Consider the Feynman algorithm for simulating quantum circuits, as given here.

Consider the XQUATH conjecture for random quantum circuits from here, given by

(XQUATH, or Linear Cross-Entropy Quantum Threshold Assumption). There is no polynomial-time classical algorithm that takes as input a quantum circuit $C \leftarrow D$ and produces an estimate $p$ of $p_0$ = Pr[C outputs $|0^{n}\rangle$] such that \begin{equation} E[(p_0 − p)^{2}] = E[(p_0 − 2^{−n})^{2}] − Ω(2^{−3n}) \end{equation} where the expectations are taken over circuits $C$ as well as the algorithm’s internal randomness.

It is mentioned in the paper that the Feynman method comes close to spoofing XQUATH. The authors remark:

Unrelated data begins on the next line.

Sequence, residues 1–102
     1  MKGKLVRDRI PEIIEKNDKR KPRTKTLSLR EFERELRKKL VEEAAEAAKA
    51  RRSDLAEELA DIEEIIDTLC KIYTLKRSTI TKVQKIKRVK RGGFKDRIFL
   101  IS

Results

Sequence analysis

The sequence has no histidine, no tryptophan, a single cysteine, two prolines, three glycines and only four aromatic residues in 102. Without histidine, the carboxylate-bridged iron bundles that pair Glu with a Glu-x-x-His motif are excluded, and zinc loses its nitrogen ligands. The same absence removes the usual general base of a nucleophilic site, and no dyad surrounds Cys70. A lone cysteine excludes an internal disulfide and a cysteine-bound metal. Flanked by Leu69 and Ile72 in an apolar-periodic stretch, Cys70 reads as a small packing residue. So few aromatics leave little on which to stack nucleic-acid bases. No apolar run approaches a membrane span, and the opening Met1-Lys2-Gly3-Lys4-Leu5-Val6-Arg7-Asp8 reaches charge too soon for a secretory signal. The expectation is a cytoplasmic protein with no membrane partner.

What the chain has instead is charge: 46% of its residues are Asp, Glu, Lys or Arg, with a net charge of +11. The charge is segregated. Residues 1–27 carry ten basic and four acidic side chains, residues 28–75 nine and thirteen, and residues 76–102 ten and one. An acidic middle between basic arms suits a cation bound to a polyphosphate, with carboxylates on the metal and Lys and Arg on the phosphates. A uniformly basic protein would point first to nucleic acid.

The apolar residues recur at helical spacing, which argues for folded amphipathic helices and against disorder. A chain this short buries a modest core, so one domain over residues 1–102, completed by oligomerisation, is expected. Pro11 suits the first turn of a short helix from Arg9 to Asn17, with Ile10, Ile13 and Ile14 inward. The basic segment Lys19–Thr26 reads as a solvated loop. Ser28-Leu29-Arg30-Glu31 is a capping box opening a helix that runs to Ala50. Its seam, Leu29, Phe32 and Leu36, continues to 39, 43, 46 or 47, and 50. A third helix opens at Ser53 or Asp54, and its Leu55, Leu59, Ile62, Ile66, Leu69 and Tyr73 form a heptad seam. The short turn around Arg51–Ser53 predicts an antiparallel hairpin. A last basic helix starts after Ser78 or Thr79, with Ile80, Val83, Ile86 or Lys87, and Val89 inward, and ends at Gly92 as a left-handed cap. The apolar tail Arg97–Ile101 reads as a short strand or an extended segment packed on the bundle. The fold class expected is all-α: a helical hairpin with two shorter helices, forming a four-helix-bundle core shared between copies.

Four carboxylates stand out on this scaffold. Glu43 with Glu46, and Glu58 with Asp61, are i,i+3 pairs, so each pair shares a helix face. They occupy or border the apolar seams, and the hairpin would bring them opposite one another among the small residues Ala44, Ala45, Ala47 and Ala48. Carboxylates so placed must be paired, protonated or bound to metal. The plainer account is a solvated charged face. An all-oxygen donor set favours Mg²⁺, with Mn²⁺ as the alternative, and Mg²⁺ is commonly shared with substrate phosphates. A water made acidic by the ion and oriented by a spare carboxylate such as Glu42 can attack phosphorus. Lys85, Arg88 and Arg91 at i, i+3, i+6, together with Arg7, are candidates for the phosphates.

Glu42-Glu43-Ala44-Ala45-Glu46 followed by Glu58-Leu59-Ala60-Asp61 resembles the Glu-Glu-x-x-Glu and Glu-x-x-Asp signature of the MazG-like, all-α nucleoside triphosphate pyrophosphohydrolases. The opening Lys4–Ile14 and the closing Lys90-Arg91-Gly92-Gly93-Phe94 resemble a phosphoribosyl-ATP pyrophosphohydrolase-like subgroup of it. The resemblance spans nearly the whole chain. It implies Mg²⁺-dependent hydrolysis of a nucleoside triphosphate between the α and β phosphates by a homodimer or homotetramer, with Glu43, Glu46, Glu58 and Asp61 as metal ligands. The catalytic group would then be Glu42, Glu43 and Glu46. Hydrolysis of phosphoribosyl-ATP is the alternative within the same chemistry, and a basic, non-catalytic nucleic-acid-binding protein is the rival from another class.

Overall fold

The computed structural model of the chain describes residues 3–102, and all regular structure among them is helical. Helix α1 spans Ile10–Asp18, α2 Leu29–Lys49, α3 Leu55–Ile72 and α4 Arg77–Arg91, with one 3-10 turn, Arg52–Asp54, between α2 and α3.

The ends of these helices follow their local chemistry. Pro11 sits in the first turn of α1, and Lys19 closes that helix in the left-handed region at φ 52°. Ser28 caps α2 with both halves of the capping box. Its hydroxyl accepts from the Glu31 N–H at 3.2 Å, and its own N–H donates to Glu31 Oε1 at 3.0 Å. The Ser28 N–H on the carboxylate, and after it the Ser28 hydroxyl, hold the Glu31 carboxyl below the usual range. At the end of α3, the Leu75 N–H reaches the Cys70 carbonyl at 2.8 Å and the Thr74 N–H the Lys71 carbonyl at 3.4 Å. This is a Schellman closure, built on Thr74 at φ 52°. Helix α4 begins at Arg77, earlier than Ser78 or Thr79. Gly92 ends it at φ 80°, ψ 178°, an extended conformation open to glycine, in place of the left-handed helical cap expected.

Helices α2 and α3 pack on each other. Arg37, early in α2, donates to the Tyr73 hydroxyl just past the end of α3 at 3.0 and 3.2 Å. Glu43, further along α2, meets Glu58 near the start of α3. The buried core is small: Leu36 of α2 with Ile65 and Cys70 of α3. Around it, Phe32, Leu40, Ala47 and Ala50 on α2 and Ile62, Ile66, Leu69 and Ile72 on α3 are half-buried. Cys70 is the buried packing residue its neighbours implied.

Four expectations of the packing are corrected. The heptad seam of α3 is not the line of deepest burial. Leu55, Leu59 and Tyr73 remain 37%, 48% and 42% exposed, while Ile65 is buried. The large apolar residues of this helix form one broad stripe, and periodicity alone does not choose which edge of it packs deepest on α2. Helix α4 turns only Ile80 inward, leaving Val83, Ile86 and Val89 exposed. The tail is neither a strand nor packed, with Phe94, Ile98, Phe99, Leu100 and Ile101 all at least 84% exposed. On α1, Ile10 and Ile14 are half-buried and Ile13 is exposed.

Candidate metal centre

The simplest way to attempt to refute XQUATH might be to try $k$ random Feynman paths of the circuit, all of which terminate at $|0^{n} \rangle$, and take the empirical mean over their contributions to the amplitude.

Does this yield a polynomial time algorithm though? What is the time taken to compute each Feynman path? Assume that each gate is acts non trivially on at most two qubits.

On a related note, the wikipedia link, it is mentioned that the Feynman algorithm, in general, takes $4^{m}$ time and $(m+n)$ space --- I do not see why that is so.


Your Answer

By clicking “Post Your Answer”, you agree to our terms of service, privacy policy and cookie policy

Browse other questions tagged or ask your own question.